Care home gives concert pianist kid's keyboard to play with: Wife's fury as leading musician fights to fend off dementia
Raymond Banning is a former Professor of Piano at Trinity College of Music and has performed around the worldThe musician has two grand pianos worth 30,000 in his home – but was given a 99 plastic keyboard to playHis wife Lorraine says 'it's an insult' as she fights to have him brought backMr Banning has Pick's disease, which is similar to Alzheimer's and needs 24 hour careNHS bosses will decide this week whether he can be sent home
13:14 GMT, 25 June 2012
A leading concert pianist with a rare form of dementia has been given a cheap plastic keyboard to play on in his care home.
Raymond Banning, 60, is suffering from the advanced stages of Pick's disease and his wife desperately wants him to be able to spend his final days at home.
The former Professor of Piano at Trinity College of Music in London controls his condition by playing music.
Leading musician: Raymond Banning, 60, and his grand piano (rear) in a family photo. He is now in a care home and has been left with a cheap 99 keyboard
He has been forced to play the cheap children's instrument despite complaints from his wife – and having two grand pianos worth 30,000 in his home in Bedford.
Lorraine, 48, is pleading for him to be discharged but he will need 24 hour home care because she has a spinal disease and osteoarthritis so is unable to look after him alone.
The pianist has performed around the world raising thousands for charity and has taught generations of youngsters how to play.
But his world changed in May 2010 when he was diagnosed with Pick's Disease, a rare degenerative condition which is similar to Alzheimer's.
He was finally put in Chase House care home in Arlesey, Bedfordshire, last December as his condition got worse.
Happy: Mr Banning, a leading pianist, with his wife Lorraine, 48, during a day out. She is fighting to have him brought home
'Child's toy': The 99 keyboard which has been put in Mr Banning's room in a care home. His wife describes it as an 'insult'
His wife, who is also a piano teacher, said he could have just a few weeks left to live and has appointed a solicitor as she fights to have him brought back.
She has been fighting the decision to put him into care since last December – and has accused the NHS of using 'delaying tactics' to keep him in care for the last six months.
She said: 'Giving him a cheap keyboard is an insult. One of the biggest arguments for him being brought home is his need for music but they came up with this keyboard which I was totally against.
Treatment: Mr Banning in his care home. He is suffering from the advanced stages of Pick's disease
'He has always argued about the best way to make a beautiful sound and would never play a keyboard.
'It is a misunderstanding of who he is.
'I told them my husband does not play keyboards but they did not listen and refused to take it away. He was asked by care home staff if he likes it and he said “yes”.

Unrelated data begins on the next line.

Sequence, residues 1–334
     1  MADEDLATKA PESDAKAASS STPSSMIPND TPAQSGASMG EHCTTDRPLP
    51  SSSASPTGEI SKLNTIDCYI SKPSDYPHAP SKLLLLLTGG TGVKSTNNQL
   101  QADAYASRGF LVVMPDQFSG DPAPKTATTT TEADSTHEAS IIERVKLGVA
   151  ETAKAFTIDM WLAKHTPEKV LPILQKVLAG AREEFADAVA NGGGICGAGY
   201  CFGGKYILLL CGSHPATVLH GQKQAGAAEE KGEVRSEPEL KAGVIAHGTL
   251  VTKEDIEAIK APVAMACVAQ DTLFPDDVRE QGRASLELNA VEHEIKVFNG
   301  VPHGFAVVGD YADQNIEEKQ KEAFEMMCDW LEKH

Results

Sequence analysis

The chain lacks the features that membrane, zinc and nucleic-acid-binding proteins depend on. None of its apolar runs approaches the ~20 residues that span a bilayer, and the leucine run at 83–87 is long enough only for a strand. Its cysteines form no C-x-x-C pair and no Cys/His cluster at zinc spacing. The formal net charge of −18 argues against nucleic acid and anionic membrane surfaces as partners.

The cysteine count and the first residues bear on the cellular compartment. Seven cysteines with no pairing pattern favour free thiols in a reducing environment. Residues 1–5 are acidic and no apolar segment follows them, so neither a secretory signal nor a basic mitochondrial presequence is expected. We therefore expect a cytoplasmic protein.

'He knows all about keyboard and because of his condition they thought they were asking about music – so he did not understand the question.'
Rather than provide him with a more expensive instrument, Mrs Banning wants her husband back home – which she says would be the best possible treatment for him.
She has accused NHS Bedfordshire of putting Mr Banning in care because it is cheaper than caring for him in the home – which they deny.
The pianist grew up on a council estate and rose to become one of the country's leading performers.
He met Lorraine, his second wife, on a piano weekend in Bath in 2006 and they married two years later.
Mr Banning does not have any children but has two step-children who he treats as his own.
Mrs Banning added: 'His illness is at an advanced stage and he could die at any time. He is in a stable condition but he has suffered fitting and has difficulties swallowing.'
'He has been in a home since December 15 but I want to bring him home so he can be cared for here and he wants to be home.
Happy couple: Mr Banning with his new wife Lorraine on their wedding day in 2008. They had met just two years beforehand during a piano weekend in Bath
'The PCT are refusing to let me bring him back and for the last few months they have come up with reasons why they should delay things. It has been a really difficult time.'
Mrs Banning still teaches piano and worked in a childrens' hospice for eight years before she met her husband.
The couple have grand piano's made by Schimmel and Kawai in their home.
A spokesman for NHS Bedfordshire said a decision on whether the patient should be sent home will be taken by the end of the week.
'NHS Bedfordshire is already providing 24 hour care for Mr Banning. We are now looking at whether we can provide this care at home and are considering the wide range of issues that need to be addressed to achieve this.
'Mrs Banning is aware that we are making our decision this week. This will be based solely on what is considered to be most appropriate to meet Mr Banning’s ongoing healthcare needs, following a very detailed assessment.
'NHS Bedfordshire is responsible for funding Mr Banning’s continuing health care and was not involved in providing him with a keyboard.'
Happy: Mr Banning, left, was put in a care home last December after being diagnosed with Pick's disease in May 2010